Koalas have poor vision and rely heavily on their other senses. Koalas have good hearing which helps them detect predators and other koalas. Their large black nose gives them an acute sense of smell helping them detect other koalas and find their favourite food trees. The male uses a scent gland on his chest to mark trees by rubbing the gland up and down the trunk. The gland oozes a clear, oily, strong smelling liquid.
A matter of size
Victorian koala (left) compared to a Queensland koala (right)
Fur colour largely depends on the geographical location of the koala. Koalas in Queensland are smaller, less furry and lighter in colour than those in southern Australian states. Queensland's female koalas on average weigh between 5 to 6 kg and males weigh between 6 to 8 kg. In Victoria, females average weight is 8.5 kg and males 12 kg.
Claws for climbing
Koala front paws (top) and hind paws (bottom)
Koala scratches on a Grey gum (Eucalyptus major)
Koalas have long, strong arms, short powerful legs and large feet with sharp claws for climbing. Koalas are largely considered arboreal (tree dwelling) mammals, however, they usually walk over the ground to get from one tree to another. When koalas are on the ground, they amble awkwardly but can break into a quick gallop when disturbed.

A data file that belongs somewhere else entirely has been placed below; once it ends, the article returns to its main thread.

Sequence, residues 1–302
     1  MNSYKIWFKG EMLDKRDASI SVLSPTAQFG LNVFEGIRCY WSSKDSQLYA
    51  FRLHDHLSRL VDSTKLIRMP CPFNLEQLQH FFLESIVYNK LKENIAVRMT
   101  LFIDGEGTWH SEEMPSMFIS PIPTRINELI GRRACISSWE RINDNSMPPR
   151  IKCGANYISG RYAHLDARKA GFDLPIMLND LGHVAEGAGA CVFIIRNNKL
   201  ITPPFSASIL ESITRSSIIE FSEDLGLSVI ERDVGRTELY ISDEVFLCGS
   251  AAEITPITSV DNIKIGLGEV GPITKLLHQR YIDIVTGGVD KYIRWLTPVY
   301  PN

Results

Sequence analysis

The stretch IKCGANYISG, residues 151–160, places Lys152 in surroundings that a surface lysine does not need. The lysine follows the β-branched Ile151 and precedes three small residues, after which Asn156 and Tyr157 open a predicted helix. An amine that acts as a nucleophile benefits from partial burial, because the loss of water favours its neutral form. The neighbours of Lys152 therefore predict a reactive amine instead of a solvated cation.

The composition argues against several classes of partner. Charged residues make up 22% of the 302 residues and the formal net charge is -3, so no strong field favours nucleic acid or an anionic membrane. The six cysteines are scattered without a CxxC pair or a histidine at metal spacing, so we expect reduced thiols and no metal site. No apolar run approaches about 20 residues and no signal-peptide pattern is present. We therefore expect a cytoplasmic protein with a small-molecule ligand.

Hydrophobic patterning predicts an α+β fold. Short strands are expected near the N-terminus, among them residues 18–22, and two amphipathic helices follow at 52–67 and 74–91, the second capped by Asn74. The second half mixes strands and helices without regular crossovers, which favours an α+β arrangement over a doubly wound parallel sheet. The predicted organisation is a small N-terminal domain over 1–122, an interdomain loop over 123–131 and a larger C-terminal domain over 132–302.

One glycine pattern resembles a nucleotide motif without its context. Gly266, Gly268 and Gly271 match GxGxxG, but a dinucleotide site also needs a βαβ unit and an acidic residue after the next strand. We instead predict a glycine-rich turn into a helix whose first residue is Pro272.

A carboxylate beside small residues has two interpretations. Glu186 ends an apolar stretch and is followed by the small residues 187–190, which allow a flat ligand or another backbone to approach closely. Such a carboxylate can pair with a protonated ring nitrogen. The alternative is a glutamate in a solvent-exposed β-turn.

They have two opposable thumbs on their fore paws which allows them to have a better grip, which is essential for climbing tall trees. When climbing, koalas grip the trunk of a tree with both arms and pull upwards (while pushing with their legs). In doing this, koalas leave behind characteristic scratches in the bark of gum trees—clearly seen on smooth-barked gum trees. Stringybarks that have been regularly climbed by koalas will also have the outer layer of weathered bark scratched away, exposing the fresh layer beneath.
Difference between male and female koalas
Male koala (top) a female koala (bottom)
The face of a male koala is about one and a half times bigger than a female’s face. Males have larger noses and their chins protrude further. Males also have a large scent gland which shows as a dirty patch on their white chest. This gives them a strong musky odour.
Compared to male koalas, females have smaller faces, a clean white chest and a pouch. The backward facing pouch protects the young while its mother climbs and travels from tree to tree. It also gives the joey easy access for ‘pap’ feeding. Pap is a special runny faeces produced by the mother koala which is full of the bacteria that the joey needs to digest leaves when it is older.